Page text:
bioephemera

Archives for June, 2009

. . . at least according to a Japanese researcher, who trained them to differentiate “bad” and “good” children’s art. According to New Scientist, This isn’t Watanabe’s first efforts to teach art appreciation to pigeons. In 1995, he and two colleagues published a paper showing that pigeons could learn to discriminate Picasso paintings from Monets…

a ten year old rape victim from the Congo photo by Endre Vestvik Almost a month ago, a number of bloggers launched Silence is the Enemy, a blog initiative against sexual violence. Since then, we’ve seen a number of thoughtful and provocative conversations throughout the blogosphere, trying to pinpoint the factors, like war, that can…

This may be the best BBC story EVER. Seriously: Australian wallabies are eating opium poppies and creating crop circles as they hop around “as high as a kite”, a government official has said. “We have a problem with wallabies entering poppy fields, getting as high as a kite and going around in circles,” Lara Giddings…

Nature has gone science journalism crazy, with no less than six new articles on the subject! My favorite is “Science Journalism: Toppling the Priesthood,” by Toby Murcott, who argues that coverage of peer review is a necessary component of truly investigative, accurate science journalism.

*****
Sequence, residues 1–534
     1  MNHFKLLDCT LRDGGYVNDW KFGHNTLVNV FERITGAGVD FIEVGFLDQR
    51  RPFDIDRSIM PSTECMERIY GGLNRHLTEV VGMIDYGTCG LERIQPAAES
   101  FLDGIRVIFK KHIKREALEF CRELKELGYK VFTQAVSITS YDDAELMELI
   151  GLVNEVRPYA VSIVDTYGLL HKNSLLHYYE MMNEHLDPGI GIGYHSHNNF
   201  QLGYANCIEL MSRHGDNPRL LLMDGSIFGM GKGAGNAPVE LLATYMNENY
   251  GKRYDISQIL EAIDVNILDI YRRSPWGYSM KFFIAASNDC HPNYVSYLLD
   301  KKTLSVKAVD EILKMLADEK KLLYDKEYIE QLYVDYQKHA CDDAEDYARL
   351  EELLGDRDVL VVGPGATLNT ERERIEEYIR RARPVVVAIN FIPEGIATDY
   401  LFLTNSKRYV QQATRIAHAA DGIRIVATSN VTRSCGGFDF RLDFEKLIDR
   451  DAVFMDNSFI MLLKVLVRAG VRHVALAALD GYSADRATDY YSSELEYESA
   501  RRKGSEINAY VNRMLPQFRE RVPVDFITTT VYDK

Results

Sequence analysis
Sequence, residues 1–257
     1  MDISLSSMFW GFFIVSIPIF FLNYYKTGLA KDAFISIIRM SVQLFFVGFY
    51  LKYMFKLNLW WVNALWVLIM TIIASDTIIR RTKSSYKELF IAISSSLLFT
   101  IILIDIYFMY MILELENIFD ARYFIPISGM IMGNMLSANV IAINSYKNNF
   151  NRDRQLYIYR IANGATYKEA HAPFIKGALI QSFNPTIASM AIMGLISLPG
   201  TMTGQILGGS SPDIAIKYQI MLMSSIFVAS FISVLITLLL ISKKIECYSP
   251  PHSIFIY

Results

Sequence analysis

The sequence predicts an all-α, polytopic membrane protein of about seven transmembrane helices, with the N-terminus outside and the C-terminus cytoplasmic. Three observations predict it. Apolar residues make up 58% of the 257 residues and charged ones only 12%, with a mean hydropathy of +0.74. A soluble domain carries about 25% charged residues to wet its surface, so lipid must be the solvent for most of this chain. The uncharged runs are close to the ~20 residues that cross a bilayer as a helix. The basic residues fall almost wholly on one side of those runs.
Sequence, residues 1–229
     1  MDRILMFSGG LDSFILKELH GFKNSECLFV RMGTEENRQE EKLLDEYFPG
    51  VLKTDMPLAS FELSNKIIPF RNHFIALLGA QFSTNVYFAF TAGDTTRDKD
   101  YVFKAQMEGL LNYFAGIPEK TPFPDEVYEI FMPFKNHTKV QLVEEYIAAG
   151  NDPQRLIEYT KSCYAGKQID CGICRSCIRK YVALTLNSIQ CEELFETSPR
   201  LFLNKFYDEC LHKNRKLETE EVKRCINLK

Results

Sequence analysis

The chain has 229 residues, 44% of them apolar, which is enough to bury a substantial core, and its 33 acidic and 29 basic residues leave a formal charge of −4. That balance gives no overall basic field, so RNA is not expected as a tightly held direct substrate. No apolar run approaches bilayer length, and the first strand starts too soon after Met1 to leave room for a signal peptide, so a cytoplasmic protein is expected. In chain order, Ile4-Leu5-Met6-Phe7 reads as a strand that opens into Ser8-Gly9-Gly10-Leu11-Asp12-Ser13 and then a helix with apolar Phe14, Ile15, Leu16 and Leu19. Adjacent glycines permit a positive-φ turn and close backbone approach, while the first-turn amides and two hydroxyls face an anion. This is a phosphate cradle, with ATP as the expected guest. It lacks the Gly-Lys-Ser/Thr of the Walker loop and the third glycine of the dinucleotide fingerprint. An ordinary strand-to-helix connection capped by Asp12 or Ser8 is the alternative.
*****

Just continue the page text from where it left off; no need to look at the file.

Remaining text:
The “gastronomical cocktail” called “sex on a drip” is just one reason to hop a plane to Singapore and visit The Clinic, a theme restaurant that’s probably not for the squeamish. Their website boasts, “Clinic’s unique alfresco is easily identified by its hospital whites, colourful pills, syringes, drips, test-tubes, and paraphernalia in all manner of…

According to Boing Boing, two homeless men got in a brawl over quantum physics, which ended with a skateboard to the face: At the time, Fava was chatting with an acquaintance, who is also homeless, about “quantum physics and the splitting of atoms,” according to prosecutors. Keller joined in the conversation and, for reasons unknown,…

“Assessing the Impact of Science Funding,” by Julia Lane, from the June 5 Science, ends with a gratifying shout-out to visualization as an essential part of the scientific process: A related intellectual investment is to advance understanding of how to convey complex answers about the impact of science investments to the public. Emerging visualization techniques…

Roomba x Alarm Clock = Clocky

Clocky sounds like R2D2 and looks kind of like an ATV’s single-axled, pastel cub. In other words, it’s really, really cute. Which is why when Clocky wakes you with its piercing warbles, crashes to your floor and rolls under your bed, you won’t want to smash its little display with your fist. At least, we…

I’m here in DC at the Newseum for the State of Innovation Summit, a collaboration between SEED and the Council on Competitiveness. The crowd is pretty awesome – right now Adam Bly, SEED’s CEO, is sitting a few rows from me with E.O. Wilson. Earlier, Wayne Clough, Secretary of the Smithsonian Institution, talked about a…

Red Line crash, June 22, 2009, between Takoma Park and Fort Totten stations Photo from Fox5 News, via DCist As many of you already know, DC’s Red Line suffered a fatal crash this evening during rush hour. One train had stopped. A second train behind it failed to stop, overtook the first train, and ran…